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Issue Date: December 2008


Stay Fit as a Family

Dr. Lolita McDavid | University Hospitals
 
If you have an overweight child, you may not like what Dr. Lolita McDavid, University Hospitals’ medical director of child advocacy and protection and an associate professor of pediatrics at Case Western Reserve University, has to say about the childhood obesity epidemic: She blames the parents.

“If I walk into a room with a hundred obese children, 99 of them are going to have obese parents,” says McDavid. “So the No. 1 way not to have an overweight child is to not be overweight yourself.”

Here are her suggestions for helping the whole family stay slim:
Get the family on a schedule:
“Kids need to go to bed at the same time, they need to get up at the same time, and they need to know that they’re going to eat three meals a day at certain times,” McDavid stresses. She frowns on eating on the run or in the car — in fact, she’s adamant about families sitting down to eat together. “It allows you to reconnect,” she says.

Learn what and how to cook:
“We have a whole generation of young women who don’t know how to cook — if you gave them fresh produce, they wouldn’t know what to do with it,” McDavid says. “I have a 28-year-old daughter who’s one of those people!” Quick and easy recipes for fare that’s far more healthful and lower in calories than the fast-food sandwiches, fried chicken, pizza, prepared and frozen entrees that so many families eat are plentiful.
Replace junk-food snacks with fresh fruit and vegetables:
McDavid rejects the common parental complaint that their offspring won’t eat anything from the produce department.

“Projects have shown that if you offer children fresh fruits and vegetables, they do like them,” she insists. Introduce your little ones to a wide array of fruits and vegetables as soon as they’re ready for table foods (she recommends starting with orange and yellow veggies such as carrots, pumpkin and squash) so these low-calorie, nutrient- and fiber-rich staples become part of their diets at an early age.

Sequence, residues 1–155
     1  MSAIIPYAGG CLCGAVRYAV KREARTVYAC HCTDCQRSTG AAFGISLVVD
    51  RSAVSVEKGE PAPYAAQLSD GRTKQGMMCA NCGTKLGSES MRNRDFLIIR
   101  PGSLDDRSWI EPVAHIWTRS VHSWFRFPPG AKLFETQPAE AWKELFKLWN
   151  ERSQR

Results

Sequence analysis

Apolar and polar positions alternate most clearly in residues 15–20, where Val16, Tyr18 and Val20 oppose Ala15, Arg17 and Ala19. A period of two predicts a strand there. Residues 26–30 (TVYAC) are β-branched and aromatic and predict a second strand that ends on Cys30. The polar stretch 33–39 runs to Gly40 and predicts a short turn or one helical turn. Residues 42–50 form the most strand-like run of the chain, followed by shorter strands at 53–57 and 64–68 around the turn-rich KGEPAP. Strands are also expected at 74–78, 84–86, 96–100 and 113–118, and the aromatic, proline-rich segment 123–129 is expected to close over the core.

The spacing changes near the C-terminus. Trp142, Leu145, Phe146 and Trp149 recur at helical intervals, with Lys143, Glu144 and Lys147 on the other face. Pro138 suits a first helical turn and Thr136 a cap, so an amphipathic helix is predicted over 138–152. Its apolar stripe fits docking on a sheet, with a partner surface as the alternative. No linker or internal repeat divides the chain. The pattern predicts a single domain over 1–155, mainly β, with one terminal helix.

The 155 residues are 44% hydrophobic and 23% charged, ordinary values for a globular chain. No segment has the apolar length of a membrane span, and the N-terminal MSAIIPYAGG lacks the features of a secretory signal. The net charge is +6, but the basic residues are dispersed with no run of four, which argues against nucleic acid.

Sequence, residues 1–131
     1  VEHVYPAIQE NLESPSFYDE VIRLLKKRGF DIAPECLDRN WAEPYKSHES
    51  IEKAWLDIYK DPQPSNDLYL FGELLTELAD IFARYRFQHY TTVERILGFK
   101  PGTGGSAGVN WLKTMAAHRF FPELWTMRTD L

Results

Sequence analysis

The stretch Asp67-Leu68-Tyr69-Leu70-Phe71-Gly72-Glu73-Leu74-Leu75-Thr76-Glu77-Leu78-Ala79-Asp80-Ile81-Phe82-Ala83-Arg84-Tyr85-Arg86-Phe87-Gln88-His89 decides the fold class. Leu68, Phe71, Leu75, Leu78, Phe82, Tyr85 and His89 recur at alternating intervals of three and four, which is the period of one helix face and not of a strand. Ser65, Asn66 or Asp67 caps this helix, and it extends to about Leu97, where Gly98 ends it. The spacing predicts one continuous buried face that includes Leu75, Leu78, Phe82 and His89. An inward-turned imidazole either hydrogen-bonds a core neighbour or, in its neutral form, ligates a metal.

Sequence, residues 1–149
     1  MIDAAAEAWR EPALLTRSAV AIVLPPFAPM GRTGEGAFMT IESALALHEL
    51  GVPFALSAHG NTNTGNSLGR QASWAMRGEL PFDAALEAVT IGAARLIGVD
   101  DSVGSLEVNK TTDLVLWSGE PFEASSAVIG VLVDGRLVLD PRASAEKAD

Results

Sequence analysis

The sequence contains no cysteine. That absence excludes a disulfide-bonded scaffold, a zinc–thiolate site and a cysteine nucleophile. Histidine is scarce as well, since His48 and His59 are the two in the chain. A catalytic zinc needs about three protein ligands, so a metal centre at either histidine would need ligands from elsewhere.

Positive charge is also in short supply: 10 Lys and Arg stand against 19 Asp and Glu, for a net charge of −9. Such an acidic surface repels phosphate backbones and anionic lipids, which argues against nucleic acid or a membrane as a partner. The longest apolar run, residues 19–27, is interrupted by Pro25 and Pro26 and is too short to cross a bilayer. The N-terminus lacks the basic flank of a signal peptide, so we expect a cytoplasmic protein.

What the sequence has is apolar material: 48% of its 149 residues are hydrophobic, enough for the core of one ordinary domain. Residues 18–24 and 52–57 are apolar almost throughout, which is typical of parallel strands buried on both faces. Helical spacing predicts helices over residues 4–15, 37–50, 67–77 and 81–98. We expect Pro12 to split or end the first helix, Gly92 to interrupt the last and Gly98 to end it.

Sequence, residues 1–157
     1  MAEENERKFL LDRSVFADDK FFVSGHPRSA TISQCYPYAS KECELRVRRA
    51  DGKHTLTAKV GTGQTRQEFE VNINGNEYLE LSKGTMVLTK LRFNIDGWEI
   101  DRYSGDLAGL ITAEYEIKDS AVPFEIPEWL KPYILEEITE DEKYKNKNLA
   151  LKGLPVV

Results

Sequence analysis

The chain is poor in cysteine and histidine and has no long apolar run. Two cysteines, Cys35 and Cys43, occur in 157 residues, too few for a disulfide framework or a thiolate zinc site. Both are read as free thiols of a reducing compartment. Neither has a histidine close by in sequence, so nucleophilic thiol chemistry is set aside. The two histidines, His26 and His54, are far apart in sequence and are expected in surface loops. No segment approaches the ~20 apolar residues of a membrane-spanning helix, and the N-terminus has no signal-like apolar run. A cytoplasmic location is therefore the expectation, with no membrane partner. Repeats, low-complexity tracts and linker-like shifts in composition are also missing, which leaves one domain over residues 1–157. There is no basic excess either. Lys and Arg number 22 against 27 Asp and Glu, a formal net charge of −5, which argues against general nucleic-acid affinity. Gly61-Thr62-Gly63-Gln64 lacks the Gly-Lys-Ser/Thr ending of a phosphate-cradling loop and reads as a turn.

Watch portion sizes:
An age-appropriate portion is roughly the size of the fist of the person you’re feeding. If your children are still hungry after cleaning their plates, let them fill up on fruits and vegetables.
Limit time in front of the TV and on the computer:
McDavid says time allotments on the computer should vary with the child’s age and amount of homework. To better enforce limits, she urges parents to move TVs and computers out of bedrooms and into common areas of the home.

Participate in physical activities with the kids:
“You have to get up and go with them — you can’t plop yourself in front of the TV and then say, ‘Go outside and play!’ ” McDavid says.

Walk your children to the nearest park or playground, toss the ball around with them in the backyard or take them bowling or roller skating.

Buy an elaborate swing set or a couple of bikes instead of a new computer or video game console. Support their interest in organized sports, or organize an activity of your own that promotes physical activity. McDavid cites “walking school buses” — groups of children who are chaperoned by parents and volunteers that “pick up” kids at designated points on walking routes to and from school — as an example.

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